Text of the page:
Wanderlusting the Moppin Complex

This is the oldest rock I’ve visited in New Mexico; twice now. I was hoping third time would be the charm.

So Saturday I loaded up and headed the Wandermobile north to the Tusas Mountains again. My goal was to try to find pillow lava structure in the Moppin Complex at Iron Mountain, and visit the type section of the Salitral Formation and an exposure of the Rock Point Formation on the return trip.

Let’s unpack that for the benefit of newer readers. (Welcome!) The Moppin Complex is a body of rock exposed in a belt through the northern Tusas Mountains. It’s mostly composed of amphibolite and greenschist, two relatively silica-poor rock types that are usually formed when basalt — the familiar black lava rock that makes up much of Hawaii, the Malpais in New Mexico, and many other volcanic landforms — is recrystallized by great heat and pressure deep underground. Geologists believe, based on radiometric dating, that this rock is about 1.755 billion years old. That makes it as old as any rock in New Mexico. Other subtle chemical clues suggest it formed as part of a volcanic island arc in an ocean basin. It then drifted into the southern margin of what would become North America, forming a belt of crust (the Yavapai Province) reaching from southern Wyoming to northern New Mexico and from Arizona to the Midwest. And perhaps beyond: Rocks that may be a continuation of this belt are found in Antarctica and the Baltic.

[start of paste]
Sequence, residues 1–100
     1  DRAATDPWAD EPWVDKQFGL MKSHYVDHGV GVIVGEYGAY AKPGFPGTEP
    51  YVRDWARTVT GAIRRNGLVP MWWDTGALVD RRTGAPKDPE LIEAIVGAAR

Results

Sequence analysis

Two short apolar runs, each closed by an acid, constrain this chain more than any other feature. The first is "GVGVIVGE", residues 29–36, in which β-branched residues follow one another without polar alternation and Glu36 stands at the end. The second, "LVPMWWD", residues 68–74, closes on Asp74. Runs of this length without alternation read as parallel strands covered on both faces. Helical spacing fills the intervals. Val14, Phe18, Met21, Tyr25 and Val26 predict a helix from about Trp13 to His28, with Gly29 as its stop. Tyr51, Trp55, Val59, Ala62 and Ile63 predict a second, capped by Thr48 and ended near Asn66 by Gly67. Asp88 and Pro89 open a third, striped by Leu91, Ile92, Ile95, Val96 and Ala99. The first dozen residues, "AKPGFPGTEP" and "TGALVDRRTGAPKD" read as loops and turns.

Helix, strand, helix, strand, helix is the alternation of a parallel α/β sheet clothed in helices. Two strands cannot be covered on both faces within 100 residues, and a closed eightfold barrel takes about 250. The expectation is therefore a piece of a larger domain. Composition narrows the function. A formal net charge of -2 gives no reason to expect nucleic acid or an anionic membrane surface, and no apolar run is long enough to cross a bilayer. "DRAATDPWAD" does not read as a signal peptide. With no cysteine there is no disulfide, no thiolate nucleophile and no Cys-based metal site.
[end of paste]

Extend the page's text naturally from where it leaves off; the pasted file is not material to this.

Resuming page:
Pillow lava forms when lava erupts in deep water. It’s characteristic of island volcanism.

The Salitral and Rock Point Formations are much younger rock, and since I ended up not having enough time to visit them this trip, I’ll save that for a future post.

I drive north past Espanola and Ojo Caliente to Tres Piedras. Here there are outcroppings of the Tres Piedras Orthogneiss, a granite-like rock that is only slightly younger than the Moppin Complex. Although I was here recently, and good some good photos and a sample of an outcrop, I wasn’t entirely happy with my photos. I want a clear shot of a really big outcrop, without vegetation or buildings in the way. On a hunch, I follow a forest road to a rather large outcrop. I find a place to park, then try to find a clear view.

It’s better than any previous picture I’ve taken, but there’s still a lot of foreground vegetation. Darn, there’s a barbed wire fence blocking the direct approach. I head back to the dirt road and walk west, to discover that this is a trailhead for rock climbers. There are large exposures of the formation at ground level

Oh, and before I forget: For new readers: Almost every image at this site can be clicked for a high-resolution version, and almost all blue links take you to the location on Google Maps.